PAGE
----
Sustainable water management is increasingly essential in an age characterised by rapid population growth, urban and industrial development and climate change. Opportunities to promote conservation and water-use efficiencies remain attractive in directly reducing water demand. Smart water metering and the provision of detailed water-use feedback to consumers present exciting new opportunities for improved urban water management. This paper explores two smart water metering trials in New South Wales, Australia, which provided household water consumption feedback via (i) paper end-use reports and (ii) an online portal. This combination enabled a deeper exploration of the various impacts of detailed feedback enabled via smart water metering. The positive effects uncovered by the research present an important opportunity for smart water metering feedback to contribute towards more sustainable urban water management. Their summary contributes empirical evidence on the impacts for water utilities considering embarking on the smart water metering journey with their customers. The identification of future research and policy needs sets an agenda for smart water metering to promote a sustainable digital urban water future. Larger-scale trials are now required and utilities should integrate the design and plans for scalable advanced feedback programs at the outset of smart meter implementations.

INTRODUCTION

In an age characterised by rapid population growth, urban and industrial development and climate change (Kayaga et al. 2007), sustainable water management is increasingly essential. While various new technologies and methods (e.g. water treatment and re-use) can help to improve the supply of water, new opportunities to promote conservation and water-use efficiencies remain attractive in directly reducing the demands on water supplies (Butler & Memon 2006).

Smart water metering and the advanced information and communication technologies afforded by the digital age present exciting new opportunities for improved urban water management both for water utilities and consumers. The extension of smart water metering to the provision of household water consumption feedback can particularly inform customers on their uses of water and specific opportunities to save (Liu et al. 2015). This can facilitate the adoption of greater water-use efficiency measures in terms of new practices and/or more water-efficient appliances and infrastructure and therefore contribute towards a more sustainable consumption of water resources.

In Australia and internationally, implementations of smart water meters have been advancing rapidly over the past few years (Beal & Flynn 2015). Many water utilities are interested in extending systems to include consumption feedback to end-customers. However, to date, relatively few have actually implemented advanced feedback programs in conjunction with their adoption of smart water meters. Water utilities remain largely hesitant due to the lack of practical experience and quality research studies, which leaves many uncertainties in terms of the impacts of detailed customer water-use feedback provision.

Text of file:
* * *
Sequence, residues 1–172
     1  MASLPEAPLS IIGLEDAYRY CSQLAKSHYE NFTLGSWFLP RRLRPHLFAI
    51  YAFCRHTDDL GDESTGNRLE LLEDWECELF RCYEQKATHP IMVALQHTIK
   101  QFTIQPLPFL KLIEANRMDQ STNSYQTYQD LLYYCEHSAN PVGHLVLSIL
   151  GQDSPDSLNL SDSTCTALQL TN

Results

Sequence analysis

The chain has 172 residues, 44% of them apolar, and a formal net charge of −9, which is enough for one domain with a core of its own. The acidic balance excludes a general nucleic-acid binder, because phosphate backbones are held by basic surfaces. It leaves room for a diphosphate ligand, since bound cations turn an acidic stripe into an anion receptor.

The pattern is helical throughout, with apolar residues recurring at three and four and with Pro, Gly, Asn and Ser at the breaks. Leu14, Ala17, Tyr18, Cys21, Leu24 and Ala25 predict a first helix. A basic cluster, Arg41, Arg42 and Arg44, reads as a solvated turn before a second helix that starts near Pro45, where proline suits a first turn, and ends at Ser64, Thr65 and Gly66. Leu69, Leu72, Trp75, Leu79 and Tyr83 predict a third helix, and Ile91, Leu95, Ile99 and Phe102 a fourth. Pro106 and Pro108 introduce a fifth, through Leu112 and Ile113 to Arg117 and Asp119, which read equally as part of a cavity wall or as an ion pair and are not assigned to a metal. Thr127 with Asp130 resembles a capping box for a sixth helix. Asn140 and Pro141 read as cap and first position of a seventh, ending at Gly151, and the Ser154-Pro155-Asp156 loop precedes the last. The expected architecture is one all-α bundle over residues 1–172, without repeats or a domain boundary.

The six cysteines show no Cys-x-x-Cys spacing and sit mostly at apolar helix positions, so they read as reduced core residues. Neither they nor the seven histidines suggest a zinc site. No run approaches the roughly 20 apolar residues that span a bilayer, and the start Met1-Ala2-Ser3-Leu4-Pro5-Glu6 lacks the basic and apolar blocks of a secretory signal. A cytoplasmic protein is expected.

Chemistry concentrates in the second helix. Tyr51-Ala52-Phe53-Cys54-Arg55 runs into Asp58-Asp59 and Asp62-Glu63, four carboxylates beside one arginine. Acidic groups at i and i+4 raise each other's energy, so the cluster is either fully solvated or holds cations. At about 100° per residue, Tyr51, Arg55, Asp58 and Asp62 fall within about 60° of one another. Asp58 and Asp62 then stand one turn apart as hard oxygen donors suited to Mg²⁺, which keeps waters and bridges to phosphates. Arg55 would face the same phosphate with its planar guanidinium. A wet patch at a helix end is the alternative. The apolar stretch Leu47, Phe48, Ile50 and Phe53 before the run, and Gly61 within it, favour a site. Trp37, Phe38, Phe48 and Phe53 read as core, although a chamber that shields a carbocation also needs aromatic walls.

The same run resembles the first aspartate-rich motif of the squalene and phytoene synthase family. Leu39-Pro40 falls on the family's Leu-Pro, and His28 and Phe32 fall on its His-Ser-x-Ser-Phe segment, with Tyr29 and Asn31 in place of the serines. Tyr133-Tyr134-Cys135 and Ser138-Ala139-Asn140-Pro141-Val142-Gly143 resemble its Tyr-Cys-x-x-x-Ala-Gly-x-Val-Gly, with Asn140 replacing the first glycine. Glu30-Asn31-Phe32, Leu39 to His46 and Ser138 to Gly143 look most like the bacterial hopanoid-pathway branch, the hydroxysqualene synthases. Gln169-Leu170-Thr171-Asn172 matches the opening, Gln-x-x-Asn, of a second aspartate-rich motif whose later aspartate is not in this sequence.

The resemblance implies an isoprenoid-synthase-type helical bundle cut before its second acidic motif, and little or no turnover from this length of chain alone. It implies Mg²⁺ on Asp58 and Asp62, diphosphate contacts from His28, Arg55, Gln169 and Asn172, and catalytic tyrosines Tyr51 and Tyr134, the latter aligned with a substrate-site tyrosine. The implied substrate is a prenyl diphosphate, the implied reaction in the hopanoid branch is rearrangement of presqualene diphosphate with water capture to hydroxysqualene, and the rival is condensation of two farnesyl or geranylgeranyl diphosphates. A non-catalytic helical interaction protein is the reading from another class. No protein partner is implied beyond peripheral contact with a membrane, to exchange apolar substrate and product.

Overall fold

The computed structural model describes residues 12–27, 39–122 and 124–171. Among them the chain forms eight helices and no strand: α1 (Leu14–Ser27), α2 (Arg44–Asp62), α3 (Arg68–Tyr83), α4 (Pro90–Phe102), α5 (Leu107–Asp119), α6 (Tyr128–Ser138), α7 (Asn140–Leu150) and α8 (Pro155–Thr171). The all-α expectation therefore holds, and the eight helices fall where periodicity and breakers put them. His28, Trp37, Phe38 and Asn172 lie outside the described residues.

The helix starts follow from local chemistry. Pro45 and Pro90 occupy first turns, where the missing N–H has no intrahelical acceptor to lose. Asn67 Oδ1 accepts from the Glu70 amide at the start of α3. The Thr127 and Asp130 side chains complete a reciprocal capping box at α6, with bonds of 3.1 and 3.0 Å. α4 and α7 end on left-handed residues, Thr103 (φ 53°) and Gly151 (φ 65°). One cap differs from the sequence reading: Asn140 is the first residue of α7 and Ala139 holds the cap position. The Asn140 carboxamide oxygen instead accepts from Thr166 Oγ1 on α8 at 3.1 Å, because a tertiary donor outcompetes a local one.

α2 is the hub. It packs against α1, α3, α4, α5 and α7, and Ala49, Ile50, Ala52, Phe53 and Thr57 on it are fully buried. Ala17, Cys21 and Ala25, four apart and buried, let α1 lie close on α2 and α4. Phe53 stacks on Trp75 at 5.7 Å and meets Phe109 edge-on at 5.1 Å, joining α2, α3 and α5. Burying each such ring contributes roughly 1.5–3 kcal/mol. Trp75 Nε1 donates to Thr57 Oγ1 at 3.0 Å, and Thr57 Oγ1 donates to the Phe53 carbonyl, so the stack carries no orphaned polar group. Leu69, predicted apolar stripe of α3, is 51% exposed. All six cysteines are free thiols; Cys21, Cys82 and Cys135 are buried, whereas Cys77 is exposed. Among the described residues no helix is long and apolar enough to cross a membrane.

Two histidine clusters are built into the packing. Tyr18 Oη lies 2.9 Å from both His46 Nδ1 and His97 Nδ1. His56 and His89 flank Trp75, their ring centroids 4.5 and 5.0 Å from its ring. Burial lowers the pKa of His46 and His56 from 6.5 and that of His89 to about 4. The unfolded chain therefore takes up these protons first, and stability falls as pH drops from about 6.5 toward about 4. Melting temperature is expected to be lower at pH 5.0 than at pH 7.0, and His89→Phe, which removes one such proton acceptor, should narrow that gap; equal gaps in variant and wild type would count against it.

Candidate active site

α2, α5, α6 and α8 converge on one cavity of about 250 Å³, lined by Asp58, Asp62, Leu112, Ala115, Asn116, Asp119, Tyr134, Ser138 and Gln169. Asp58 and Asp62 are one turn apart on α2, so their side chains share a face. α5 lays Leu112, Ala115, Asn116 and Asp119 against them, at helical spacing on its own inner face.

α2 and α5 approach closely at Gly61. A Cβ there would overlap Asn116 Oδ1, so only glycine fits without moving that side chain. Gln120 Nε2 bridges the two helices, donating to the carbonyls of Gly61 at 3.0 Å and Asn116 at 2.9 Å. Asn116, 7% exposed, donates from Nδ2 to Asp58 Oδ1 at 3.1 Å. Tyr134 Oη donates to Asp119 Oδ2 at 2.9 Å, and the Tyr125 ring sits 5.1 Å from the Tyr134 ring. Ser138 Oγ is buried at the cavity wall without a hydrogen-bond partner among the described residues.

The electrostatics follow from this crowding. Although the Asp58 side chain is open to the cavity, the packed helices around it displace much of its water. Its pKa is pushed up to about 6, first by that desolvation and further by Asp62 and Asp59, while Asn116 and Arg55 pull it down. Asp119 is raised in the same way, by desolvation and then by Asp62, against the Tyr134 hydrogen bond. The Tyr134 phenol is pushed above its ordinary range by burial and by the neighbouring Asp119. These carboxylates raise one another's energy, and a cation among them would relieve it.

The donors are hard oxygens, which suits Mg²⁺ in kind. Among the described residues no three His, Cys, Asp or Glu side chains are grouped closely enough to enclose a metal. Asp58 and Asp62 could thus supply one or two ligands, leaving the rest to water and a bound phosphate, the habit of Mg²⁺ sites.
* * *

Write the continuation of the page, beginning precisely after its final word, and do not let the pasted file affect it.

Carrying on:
There are certainly important benefits from smart water metering without an extension to customer feedback (Boyle et al. 2013). However, to make a greater contribution towards a goal of sustainability, the involvement of a broader suite of actors in the economy is implicated. This vision for sustainability includes the active participation of household water consumers. The provision of advanced and detailed water-use feedback is a critical step in this direction and requires detailed investigation. A number of recent small-scale trials have signalled positive impacts of feedback enabled via smart water meters on household water consumption, including in Australia (Britton et al. 2013; Fielding et al. 2013), the USA (Erickson et al. 2012) and South Korea (Joo et al. 2014). However, the possibilities and issues relating to advanced feedback implementations at scale have not been discussed in detail.

From 2012 to 2015, the Institute for Sustainable Futures at the University of Technology Sydney collaborated with Griffith University and MidCoast Water in New South Wales (NSW) on an Australian Research Council Linkage Project to explore the role for smart water metering in a digital urban water future. The mixed methods research project involved the practical implementation and analysis of two household water-use feedback trials. The two implementations were used to explore various facets of the impacts of more detailed feedback enabled via smart water metering and extend experience of the practical issues, challenges and opportunities.

This paper presents an overview of the impacts of the two distinct smart water meter feedback studies and discusses the results and issues in relation to the pursuit of more sustainable urban water management. Lastly, a research agenda is presented in the context of the current state of smart water metering and detailed feedback in Australia. The research paper offers valuable insights to water utilities, researchers and policy makers to progress the smart water metering opportunity together with water consumers, particularly at scale, towards sustainability.

METHODS